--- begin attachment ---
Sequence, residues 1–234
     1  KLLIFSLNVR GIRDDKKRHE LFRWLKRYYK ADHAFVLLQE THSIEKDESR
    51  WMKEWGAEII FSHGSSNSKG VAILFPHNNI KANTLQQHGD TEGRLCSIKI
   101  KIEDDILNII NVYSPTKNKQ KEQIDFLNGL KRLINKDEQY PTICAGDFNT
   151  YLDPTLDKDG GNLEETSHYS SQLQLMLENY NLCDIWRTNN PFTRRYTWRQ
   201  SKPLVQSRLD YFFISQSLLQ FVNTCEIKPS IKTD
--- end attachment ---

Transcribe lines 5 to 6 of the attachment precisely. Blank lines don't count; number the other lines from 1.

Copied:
   151  YLDPTLDKDG GNLEETSHYS SQLQLMLENY NLCDIWRTNN PFTRRYTWRQ
   201  SKPLVQSRLD YFFISQSLLQ FVNTCEIKPS IKTD